Over the last few months, with six shows on tour to a range of venues across the south east, we have been seeing a growing trend of late booking amongst audiences. I would like to explore what that means about audience, and in turn what that could mean for venues, companies, and the industry as a whole. How could we adapt to be more like our audiences?
In venues where last year’s pre-sales in the week before the show were 60-70% of final numbers, those are now going down to more like 20-30%. In the most extreme example, only one ticket had been sold by Tuesday the week of the show, but on Saturday night there were over 100 people in the audience. This means that companies and venues managers have to hold their nerve, to sit tight and convince themselves not to worry, that the audiences will show up on the night.
On the opposite end of the spectrum, at our most recent venue network day we heard from venue programmers that they look to programme shows 12-18 months in advance, and from companies that they are booking tours 6-8 months ahead. In other words, when they woke up this morning, venue programmers were planning for spring and even autumn 2016, companies were booking for autumn 2015, and audiences haven’t decided yet what they’re doing this week.
What is causing them to book so much later? It seems to me that audiences no longer actively go pick up their local venue brochure at the start of a season, choose the shows they want to attend, consult their diaries, and book their tickets weeks or even months in advance. Instead, audiences are more passive, waiting for something to catch their attention in the same way that not many people go online looking for cute cat videos, but rather just click on and share the link that someone else shared with them.
This is old news to many other industries- unless it’s the opening of the new Star Wars movie, audiences aren’t likely to book cinema tickets in advance, and no one books a table before going to their local pub, curry house or coffee shop. Advance planning is motivated by scarcity rather than just being the norm, and while comedy or festival tickets may sell out within hours, contemporary theatre performances in regional venues probably won’t. Even our favourite TV shows no longer feature as part of our planned schedule, as they are mostly available through on demand services. So why not just wait to see what the weather is like, what your friends are doing, what Twitter is saying, and then decide on the night?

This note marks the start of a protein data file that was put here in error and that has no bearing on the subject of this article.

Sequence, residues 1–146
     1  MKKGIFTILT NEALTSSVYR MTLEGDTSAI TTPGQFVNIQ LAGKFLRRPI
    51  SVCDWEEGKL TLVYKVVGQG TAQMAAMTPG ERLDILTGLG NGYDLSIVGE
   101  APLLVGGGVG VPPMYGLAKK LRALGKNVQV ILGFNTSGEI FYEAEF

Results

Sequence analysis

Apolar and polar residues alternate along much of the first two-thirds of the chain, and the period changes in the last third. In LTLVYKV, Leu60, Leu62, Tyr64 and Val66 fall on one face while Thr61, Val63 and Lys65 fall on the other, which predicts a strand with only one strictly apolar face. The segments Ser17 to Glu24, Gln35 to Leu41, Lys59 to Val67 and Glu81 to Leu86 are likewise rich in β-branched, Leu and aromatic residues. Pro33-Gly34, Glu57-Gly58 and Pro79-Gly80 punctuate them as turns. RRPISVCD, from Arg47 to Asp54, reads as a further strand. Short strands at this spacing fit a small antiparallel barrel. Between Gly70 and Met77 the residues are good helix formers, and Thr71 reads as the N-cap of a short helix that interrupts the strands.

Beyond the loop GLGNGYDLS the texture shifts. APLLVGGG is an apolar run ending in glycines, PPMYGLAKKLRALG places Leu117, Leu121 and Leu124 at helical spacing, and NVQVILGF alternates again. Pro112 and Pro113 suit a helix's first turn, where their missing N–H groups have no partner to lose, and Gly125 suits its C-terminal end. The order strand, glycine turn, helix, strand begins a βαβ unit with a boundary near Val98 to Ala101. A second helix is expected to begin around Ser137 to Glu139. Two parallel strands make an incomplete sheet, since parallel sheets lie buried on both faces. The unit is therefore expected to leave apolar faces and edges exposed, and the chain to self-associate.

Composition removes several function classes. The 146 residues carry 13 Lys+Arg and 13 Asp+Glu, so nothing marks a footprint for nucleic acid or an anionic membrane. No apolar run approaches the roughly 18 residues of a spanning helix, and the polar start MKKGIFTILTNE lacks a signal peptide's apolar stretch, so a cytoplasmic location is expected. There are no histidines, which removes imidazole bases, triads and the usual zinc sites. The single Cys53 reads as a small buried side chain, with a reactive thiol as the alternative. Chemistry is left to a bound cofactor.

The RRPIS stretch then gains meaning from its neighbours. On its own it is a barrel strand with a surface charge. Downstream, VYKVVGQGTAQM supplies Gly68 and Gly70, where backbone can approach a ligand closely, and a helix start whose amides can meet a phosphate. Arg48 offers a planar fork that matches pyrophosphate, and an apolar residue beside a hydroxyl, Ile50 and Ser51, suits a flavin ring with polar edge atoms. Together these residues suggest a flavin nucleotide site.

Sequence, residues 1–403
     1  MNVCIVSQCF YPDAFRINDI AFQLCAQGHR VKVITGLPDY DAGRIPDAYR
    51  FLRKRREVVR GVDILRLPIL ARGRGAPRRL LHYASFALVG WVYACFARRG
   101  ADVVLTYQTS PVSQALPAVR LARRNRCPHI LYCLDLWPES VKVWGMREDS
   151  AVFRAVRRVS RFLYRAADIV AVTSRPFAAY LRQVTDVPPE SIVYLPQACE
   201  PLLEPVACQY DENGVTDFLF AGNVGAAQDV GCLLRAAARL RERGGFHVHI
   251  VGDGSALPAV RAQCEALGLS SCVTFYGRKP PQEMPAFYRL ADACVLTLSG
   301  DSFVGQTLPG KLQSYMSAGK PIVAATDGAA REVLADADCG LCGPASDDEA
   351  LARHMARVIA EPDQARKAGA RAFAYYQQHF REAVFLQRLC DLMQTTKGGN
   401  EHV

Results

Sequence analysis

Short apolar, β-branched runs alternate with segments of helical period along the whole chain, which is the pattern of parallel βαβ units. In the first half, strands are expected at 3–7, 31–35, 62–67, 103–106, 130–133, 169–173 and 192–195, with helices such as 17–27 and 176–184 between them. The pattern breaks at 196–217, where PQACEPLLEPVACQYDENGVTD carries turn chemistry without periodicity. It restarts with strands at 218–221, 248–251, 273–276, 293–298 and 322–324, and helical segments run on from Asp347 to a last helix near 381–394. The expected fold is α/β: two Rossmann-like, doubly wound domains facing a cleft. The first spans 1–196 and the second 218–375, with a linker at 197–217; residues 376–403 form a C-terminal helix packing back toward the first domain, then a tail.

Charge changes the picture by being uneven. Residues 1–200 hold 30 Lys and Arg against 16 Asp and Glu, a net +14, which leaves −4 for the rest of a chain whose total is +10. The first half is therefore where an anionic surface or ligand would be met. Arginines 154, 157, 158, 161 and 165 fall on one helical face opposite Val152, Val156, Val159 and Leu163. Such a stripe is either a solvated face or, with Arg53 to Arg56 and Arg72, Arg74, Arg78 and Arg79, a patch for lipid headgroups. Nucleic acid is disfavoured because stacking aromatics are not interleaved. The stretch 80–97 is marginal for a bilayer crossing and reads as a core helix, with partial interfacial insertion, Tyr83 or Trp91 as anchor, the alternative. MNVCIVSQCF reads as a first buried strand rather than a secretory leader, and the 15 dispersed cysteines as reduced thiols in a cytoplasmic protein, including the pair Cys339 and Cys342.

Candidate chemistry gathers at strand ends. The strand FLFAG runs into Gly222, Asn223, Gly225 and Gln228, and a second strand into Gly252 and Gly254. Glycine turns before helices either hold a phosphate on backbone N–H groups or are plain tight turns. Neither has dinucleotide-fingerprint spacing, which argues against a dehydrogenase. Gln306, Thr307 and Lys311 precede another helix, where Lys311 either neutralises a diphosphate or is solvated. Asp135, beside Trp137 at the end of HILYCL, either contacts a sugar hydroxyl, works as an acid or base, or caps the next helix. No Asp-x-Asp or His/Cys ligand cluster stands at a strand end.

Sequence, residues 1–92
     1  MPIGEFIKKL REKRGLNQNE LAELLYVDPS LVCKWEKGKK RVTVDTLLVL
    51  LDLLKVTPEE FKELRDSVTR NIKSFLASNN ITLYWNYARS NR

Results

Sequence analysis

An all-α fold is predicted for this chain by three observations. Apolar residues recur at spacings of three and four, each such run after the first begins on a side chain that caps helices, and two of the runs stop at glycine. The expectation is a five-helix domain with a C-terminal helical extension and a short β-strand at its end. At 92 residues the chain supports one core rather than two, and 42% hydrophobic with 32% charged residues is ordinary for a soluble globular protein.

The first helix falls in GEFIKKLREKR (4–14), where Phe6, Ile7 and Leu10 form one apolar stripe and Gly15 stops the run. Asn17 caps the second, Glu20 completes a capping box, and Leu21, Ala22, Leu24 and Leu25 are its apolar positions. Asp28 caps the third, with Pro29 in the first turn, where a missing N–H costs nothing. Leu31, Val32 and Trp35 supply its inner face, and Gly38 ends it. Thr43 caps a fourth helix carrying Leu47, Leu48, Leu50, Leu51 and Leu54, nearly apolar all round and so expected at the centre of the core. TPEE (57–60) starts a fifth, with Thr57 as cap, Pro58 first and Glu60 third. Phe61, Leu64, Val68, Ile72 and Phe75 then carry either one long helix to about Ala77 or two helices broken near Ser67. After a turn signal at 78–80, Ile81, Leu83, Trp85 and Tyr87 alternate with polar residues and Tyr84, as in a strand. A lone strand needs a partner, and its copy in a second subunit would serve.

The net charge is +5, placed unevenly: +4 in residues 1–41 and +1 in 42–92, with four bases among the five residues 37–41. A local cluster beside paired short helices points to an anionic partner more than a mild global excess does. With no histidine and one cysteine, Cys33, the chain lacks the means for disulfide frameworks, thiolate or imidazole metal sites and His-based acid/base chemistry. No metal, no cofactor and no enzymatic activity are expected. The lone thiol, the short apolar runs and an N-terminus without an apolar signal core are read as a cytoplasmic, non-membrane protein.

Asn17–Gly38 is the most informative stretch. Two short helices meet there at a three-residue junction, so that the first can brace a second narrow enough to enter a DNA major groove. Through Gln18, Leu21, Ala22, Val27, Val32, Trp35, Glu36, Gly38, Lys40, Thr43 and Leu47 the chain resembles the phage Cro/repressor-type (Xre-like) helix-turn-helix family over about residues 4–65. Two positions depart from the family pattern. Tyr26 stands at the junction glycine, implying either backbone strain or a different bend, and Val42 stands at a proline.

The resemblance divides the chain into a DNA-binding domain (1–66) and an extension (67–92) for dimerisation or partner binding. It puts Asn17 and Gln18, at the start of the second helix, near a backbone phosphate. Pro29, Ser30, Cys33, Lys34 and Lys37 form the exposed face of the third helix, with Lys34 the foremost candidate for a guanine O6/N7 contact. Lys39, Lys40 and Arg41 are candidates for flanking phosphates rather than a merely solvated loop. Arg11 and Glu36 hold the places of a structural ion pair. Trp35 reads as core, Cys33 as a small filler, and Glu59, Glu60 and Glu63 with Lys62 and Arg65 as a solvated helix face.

What does this ‘on demand’ attitude towards theatre mean for venues and companies? Do venues really need to programme over a year in advance? Of course I’m not suggesting that programmers and companies should stop planning ahead altogether. Companies have to book accommodation, hire vans and actors, and secure elusive tour funding; venues must plan and deliver long marketing campaigns and both strive to create appealing print in the form of brochure, poster and flyer. But if venues book something that is hot and trending now, there is a chance it may not be as interesting or topical in a year’s time, and this ‘futures market’ of theatre no longer seems necessary. If audiences don’t need to plan ahead, do venues and companies?
Perhaps we need to start thinking a bit more like our audiences, acting in the moment. Imagine if a venue programmer attended a show on Thursday, booked on Friday, and a few weeks later the show was performed in their venue. Reviews would be current, Twitter buzz would be fresh, and word of mouth could generate more audiences than months of advance notice. Brochures and flyers may become a thing of the past, and what will replace them? Some venues are trialling creating trailers for their theatre seasons, posting them on their website or showing them before films or live screened theatre, and are seeing increased ticket sales in the 20min after the audience comes out. Others are testing announcing each show as it goes on sale, rather than a whole season at once. E-newsletters are not only cheaper than brochure mail-outs, they also allow audiences to be reminded just before events, and to click straight through to the box office.
Maybe we shouldn’t worry about having images and copy for flyers and brochures months in advance, if audiences aren’t even starting to book until a few weeks before the show and many are simply walking up to the venue. Venues and companies could be focusing energies on visibility so that potential audiences, whether they’re walking through town or browsing online, know what’s going on tonight and tomorrow. Sending company members out into the town the afternoon of the show in costume and carrying flyers, a big banner over the venue and a Twitter takeover in the last 48 hours could be more effective at motivating these ‘on-demand’ audiences than a carefully planned 10-week campaign.
It can be scary to see these low audience numbers in the weeks leading up to a show, and tempting to view them as a sign of failure, proof that theatre just doesn’t attract the big crowds. But maybe the reason is because we’re stuck in a system based on traditional, venue-loyal, season bookers who simply don’t exist anymore, and instead of expecting our spontaneous ‘on-demand’ audiences to conform, maybe we as an industry are the ones who need to be more adaptable and explore new ways of responding to that demand.